Coronavirus and Finance Tips: Five Steps Business Owners Can Take Right Now

Five Steps Business Owners Can Take Right Now By Sam Brownell, CFA, CVA, Stratus Wealth Advisors

While there are many different local, state and federal programs in place or being set up for financial relief due to the effects of the coronavirus, Stratus would like to encourage business owners not to wait for the government to begin building your relief plan.  By doing some independent prep work now, you will be able to take advantage of opportunities now and when the economy begins its recovery.

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  1. Create a 6 Month Cash Flow Projection: If you have not done so already, update your cash flow projections for the next 6 months given your new normal for revenue. Then document all your fixed and variable expenses.  This analysis will help you understand your monthly cash burn, where you can potentially reduce variable expenses and when you may run into a cash crunch.  Being honest about where you are today and how your business may contract in the coming months allows you to access cash resources well before you may need them.
  2. Call your bank today and discuss terms of your LOC’s: For many of us, we have a line-of-credit (LOC) with a bank for large purchases and for business expansion opportunities. However, at this point, your LOC is one of your best sources of immediate cash.  We suggest calling your banker today to discuss terms and amounts.  You ultimately may not need the cash but making sure your banker knows you are interested can be useful if lending tightens in the future.
  3. Call your landlord after you call your bank: If you rent property, read through your rental contract and then call your landlord. You may be able to work out an adjusted payment plan that helps to ease your cash outflow.  If, on the other hand, you own the property where you operate, think about reducing the payment to yourself (if you make one) and put off upgrades to your facility.  Adjusting or reducing your cash outflow each month can help you keep someone on payroll or pay a driver for an extra delivery.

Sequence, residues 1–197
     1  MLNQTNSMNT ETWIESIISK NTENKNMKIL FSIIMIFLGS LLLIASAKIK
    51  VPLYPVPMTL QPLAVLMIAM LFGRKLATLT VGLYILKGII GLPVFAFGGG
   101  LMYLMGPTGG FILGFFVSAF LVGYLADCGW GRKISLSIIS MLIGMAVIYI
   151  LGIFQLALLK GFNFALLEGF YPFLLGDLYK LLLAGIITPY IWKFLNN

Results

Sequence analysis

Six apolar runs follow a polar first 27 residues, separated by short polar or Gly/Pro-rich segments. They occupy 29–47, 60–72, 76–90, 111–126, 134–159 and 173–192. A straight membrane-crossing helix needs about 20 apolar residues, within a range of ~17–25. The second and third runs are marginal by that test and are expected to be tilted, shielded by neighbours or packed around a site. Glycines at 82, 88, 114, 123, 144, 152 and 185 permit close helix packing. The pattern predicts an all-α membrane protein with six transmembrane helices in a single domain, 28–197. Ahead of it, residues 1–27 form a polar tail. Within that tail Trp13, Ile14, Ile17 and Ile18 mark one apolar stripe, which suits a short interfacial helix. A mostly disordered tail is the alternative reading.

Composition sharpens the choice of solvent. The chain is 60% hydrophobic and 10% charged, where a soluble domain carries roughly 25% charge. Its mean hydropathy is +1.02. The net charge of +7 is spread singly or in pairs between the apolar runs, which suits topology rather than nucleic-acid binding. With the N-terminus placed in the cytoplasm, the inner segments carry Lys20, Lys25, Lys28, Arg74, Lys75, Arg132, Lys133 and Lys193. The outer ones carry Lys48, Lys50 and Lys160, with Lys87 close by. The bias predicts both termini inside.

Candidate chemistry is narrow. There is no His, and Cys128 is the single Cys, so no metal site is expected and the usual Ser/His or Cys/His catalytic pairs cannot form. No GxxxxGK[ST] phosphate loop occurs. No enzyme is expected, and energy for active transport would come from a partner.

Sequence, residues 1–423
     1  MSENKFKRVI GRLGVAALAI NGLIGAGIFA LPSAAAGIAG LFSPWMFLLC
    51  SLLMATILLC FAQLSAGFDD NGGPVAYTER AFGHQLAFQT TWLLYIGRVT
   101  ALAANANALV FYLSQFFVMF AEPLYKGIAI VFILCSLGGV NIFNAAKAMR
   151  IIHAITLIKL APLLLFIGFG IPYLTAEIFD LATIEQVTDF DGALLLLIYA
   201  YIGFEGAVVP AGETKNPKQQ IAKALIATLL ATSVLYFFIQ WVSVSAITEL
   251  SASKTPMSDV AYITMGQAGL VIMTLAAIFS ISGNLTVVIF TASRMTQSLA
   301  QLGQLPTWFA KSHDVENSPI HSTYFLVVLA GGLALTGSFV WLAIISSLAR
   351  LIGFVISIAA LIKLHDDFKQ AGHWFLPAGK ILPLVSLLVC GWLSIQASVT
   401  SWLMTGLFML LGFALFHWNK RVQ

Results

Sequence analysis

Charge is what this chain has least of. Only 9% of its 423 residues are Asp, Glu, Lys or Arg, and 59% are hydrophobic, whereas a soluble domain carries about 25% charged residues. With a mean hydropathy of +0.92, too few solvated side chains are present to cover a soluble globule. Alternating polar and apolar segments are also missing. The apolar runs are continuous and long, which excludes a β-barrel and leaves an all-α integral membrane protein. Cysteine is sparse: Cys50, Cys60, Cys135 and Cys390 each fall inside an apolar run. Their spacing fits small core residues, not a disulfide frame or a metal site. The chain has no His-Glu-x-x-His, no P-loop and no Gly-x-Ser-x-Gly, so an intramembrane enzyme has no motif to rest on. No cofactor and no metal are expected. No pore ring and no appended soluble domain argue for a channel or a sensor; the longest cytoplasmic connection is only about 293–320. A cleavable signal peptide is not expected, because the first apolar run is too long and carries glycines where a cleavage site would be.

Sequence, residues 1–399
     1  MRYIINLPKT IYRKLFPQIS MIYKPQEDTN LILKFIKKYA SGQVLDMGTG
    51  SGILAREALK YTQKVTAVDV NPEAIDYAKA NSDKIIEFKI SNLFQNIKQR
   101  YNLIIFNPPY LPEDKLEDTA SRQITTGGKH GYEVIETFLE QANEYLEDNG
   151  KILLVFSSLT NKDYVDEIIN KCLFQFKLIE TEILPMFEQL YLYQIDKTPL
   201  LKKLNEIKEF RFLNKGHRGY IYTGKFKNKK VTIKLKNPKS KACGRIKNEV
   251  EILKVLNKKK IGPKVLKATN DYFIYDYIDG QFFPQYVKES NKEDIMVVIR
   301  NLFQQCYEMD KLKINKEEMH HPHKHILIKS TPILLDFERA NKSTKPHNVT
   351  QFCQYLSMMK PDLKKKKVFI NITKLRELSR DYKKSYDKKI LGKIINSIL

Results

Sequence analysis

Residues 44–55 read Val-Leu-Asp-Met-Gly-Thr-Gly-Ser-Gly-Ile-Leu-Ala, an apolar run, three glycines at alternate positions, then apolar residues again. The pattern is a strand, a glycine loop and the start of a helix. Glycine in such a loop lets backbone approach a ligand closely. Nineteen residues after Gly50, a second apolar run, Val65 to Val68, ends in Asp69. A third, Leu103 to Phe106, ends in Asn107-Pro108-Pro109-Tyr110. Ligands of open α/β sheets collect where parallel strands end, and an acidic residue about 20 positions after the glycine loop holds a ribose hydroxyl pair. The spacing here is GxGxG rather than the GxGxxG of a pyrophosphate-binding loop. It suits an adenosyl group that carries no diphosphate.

4. Create a “Brain Trust” with other local businesses: While the pressures are different depending on your industry, all businesses are grappling with the dilemma of how to continue operating during a health crisis that is causing an economic slowdown. In this uncertain environment, reach out to local business owners and set up a weekly 30-minute call to share frustrations, concerns, fears and best practices.  It can be therapeutic to share your frustrations and fears and enlightening to hear what your colleagues are doing to combat the drag on their business caused by the coronavirus.
  5. Document Your Business Interruption Claims: Although insurance companies typically deny business interruption claims for pandemics, there is a lot of uncertainty around how the coronavirus will be treated and whether state and local governments will step in to provide business interruption coverage.  Therefore, it is prudent to begin documenting your business interruption claims and what you are doing to mitigate these interruptions.  To help you with this task, please refer to these tips posted on Stratus’ website.

We wish the best for each of you and hope you, your family, your employees and your community remain safe and healthy as we all come together to create a stronger future.

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Sam Brownell3 Posts

Sam Brownell, CFA, CVA, is the founder of Stratus Wealth Advisors, offering fee-only financial planning, investment management, business valuation and business consulting to individuals, families and small-mid-sized businesses.

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